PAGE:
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Workplace Productivity Killers – and How to Combat Them

  • Workplace Productivity Killers – and How to Combat Them-

    Today’s Workplace and Productivity

    Click through for results from a survey on workplace productivity killers and ways to combat them, by Cornerstone OnDemand and Kelton.

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Workplace Productivity Killers – and How to Combat Them

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    Workplace Productivity Killers – and How to Combat Them-1

    Today’s Workplace and Productivity

    Click through for results from a survey on workplace productivity killers and ways to combat them, by Cornerstone OnDemand and Kelton.

U.S. full-time employees are suffering from work overload. Not a huge surprise, but one would think that as the unemployment rate has improved, some of that burden – at least partially the product of coworker layoffs over the past few years – would have eased by now. In fact, a recent study by Cornerstone OnDemand and Kelton revealed that 68 percent of full-time workers in the U.S. are suffering from work overload, a 14 percent jump from the 2013 study. Additionally, more than 52 percent of respondents reported that their workload situation had worsened over the past year.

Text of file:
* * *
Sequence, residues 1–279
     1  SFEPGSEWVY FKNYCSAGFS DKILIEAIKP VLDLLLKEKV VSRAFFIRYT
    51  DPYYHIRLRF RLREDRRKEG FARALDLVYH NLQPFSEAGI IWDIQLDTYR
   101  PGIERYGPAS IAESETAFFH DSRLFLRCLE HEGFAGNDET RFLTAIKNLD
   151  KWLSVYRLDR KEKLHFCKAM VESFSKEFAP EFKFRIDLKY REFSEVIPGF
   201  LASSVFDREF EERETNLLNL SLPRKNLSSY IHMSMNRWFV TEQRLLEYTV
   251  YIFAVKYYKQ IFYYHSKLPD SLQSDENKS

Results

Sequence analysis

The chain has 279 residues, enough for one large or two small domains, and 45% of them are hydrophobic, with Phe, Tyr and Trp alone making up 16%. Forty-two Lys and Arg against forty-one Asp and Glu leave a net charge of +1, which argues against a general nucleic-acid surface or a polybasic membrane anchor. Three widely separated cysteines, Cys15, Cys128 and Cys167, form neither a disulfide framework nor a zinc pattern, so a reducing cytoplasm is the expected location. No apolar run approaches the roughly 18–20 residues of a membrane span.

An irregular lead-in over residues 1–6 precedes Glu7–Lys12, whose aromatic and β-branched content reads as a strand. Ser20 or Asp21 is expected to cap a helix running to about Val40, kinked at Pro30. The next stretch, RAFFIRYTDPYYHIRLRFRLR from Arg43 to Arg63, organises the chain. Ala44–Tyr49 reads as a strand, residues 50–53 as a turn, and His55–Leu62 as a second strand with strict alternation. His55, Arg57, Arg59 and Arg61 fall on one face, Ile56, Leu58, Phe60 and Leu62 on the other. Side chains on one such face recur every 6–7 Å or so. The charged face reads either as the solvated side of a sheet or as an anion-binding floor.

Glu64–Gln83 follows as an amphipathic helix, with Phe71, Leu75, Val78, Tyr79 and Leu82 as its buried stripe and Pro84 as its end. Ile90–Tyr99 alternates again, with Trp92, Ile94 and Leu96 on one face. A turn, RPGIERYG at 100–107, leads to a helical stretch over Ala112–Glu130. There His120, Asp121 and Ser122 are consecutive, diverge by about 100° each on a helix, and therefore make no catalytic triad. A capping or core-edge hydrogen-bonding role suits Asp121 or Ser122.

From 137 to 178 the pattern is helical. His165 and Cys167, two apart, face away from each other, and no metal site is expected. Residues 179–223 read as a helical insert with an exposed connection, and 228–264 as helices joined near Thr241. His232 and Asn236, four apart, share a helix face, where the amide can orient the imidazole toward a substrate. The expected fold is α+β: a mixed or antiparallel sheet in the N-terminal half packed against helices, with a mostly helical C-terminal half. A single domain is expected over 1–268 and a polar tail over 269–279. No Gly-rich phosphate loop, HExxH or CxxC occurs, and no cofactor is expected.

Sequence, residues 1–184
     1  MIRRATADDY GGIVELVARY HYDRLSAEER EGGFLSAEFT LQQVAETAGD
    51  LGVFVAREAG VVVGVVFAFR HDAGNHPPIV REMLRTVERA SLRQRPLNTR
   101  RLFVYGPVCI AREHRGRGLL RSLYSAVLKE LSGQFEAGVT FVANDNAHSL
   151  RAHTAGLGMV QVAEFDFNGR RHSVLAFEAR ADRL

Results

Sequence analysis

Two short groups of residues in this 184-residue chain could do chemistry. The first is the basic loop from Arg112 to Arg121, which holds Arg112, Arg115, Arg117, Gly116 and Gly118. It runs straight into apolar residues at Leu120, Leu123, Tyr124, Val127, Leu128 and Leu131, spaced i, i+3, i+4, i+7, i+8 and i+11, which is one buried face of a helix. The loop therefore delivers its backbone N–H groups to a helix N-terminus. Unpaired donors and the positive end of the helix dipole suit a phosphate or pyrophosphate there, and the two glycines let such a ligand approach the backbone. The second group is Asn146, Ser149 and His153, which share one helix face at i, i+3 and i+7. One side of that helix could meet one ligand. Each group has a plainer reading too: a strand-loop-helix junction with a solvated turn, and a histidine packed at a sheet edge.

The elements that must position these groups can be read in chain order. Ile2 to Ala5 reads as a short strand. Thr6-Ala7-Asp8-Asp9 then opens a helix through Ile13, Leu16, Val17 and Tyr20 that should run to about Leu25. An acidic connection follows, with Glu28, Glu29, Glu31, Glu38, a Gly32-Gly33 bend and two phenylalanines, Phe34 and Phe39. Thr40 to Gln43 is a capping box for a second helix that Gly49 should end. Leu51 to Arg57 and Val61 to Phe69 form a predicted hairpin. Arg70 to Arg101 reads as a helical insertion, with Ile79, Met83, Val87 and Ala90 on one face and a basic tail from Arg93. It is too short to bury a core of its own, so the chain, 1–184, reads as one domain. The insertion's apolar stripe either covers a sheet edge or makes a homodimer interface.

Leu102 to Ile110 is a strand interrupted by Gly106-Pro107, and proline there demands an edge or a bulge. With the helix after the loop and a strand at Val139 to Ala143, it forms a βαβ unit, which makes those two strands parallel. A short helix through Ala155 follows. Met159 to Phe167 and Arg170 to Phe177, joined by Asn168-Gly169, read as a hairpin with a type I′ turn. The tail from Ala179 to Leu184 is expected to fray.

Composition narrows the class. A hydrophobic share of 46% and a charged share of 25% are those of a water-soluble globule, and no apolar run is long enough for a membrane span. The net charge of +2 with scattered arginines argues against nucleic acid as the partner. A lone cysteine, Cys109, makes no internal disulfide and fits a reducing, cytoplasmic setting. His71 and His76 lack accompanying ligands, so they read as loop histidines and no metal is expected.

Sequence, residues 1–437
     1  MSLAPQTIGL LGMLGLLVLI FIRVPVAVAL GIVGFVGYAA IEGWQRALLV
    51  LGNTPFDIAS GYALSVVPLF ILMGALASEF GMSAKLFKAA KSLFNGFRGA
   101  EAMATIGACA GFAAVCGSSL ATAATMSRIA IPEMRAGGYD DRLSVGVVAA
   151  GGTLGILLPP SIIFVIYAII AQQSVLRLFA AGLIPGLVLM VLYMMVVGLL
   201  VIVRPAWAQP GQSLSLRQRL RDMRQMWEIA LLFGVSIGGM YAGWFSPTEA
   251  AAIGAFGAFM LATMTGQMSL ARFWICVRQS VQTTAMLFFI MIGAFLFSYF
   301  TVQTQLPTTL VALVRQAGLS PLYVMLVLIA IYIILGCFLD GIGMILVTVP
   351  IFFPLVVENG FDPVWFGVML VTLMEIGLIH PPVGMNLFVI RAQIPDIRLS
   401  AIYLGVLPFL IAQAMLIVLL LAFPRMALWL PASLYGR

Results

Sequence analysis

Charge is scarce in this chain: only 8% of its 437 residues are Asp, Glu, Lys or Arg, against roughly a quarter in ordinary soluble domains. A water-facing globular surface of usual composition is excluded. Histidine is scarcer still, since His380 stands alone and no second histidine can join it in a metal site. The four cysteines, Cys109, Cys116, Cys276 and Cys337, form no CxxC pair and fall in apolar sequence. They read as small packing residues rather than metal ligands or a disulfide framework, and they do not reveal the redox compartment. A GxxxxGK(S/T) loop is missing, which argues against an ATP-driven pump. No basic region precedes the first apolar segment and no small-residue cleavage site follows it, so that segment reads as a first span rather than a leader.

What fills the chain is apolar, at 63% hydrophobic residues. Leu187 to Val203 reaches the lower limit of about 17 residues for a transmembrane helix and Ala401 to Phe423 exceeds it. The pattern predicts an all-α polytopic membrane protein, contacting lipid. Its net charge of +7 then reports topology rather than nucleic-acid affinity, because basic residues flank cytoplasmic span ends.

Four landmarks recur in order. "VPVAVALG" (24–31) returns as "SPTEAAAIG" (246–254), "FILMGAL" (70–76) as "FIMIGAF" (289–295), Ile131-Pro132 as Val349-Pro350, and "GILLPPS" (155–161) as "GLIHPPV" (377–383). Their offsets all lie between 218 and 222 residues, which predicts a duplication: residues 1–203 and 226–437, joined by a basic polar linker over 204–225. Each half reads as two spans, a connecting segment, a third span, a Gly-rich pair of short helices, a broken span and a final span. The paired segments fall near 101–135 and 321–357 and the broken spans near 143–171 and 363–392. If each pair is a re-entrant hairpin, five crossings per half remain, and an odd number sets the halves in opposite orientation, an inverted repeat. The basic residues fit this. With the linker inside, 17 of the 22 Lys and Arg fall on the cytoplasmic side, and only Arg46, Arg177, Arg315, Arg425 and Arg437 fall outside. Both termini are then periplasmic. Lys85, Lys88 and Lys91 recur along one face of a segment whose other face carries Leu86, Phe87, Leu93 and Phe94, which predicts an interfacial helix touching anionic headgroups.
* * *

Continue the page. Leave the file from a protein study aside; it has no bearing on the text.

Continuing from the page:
Over 60 percent of respondents believe that the overload is actually making them less productive. This has serious ramifications when it comes to the always-on, always-connected digital work style that has been developing over the past few years. The more overworked people are, the more they have to work longer hours; the longer they work, the less productive they become; and the less productive they become, the longer they must work. And at a time when technology tethers people to work like never before, more than a quarter (26 percent) of those surveyed said they feel like they can't turn off their job outside of work hours or even while on vacation.

Conducted for a second year, Cornerstone's "The State of Workplace Productivity Report" examines how the ways people work, where they work and the tools they use for work impact their abilities to be productive and successful in their roles. The findings indicate that the tools and management styles of today are not enabling employees to be the workforce of tomorrow. However, the results also point to potential solutions – such as flexible work schedules, the right work environment and wearable technology – that may hold promise for those trying to combat the most exasperating productivity killers in their work lives.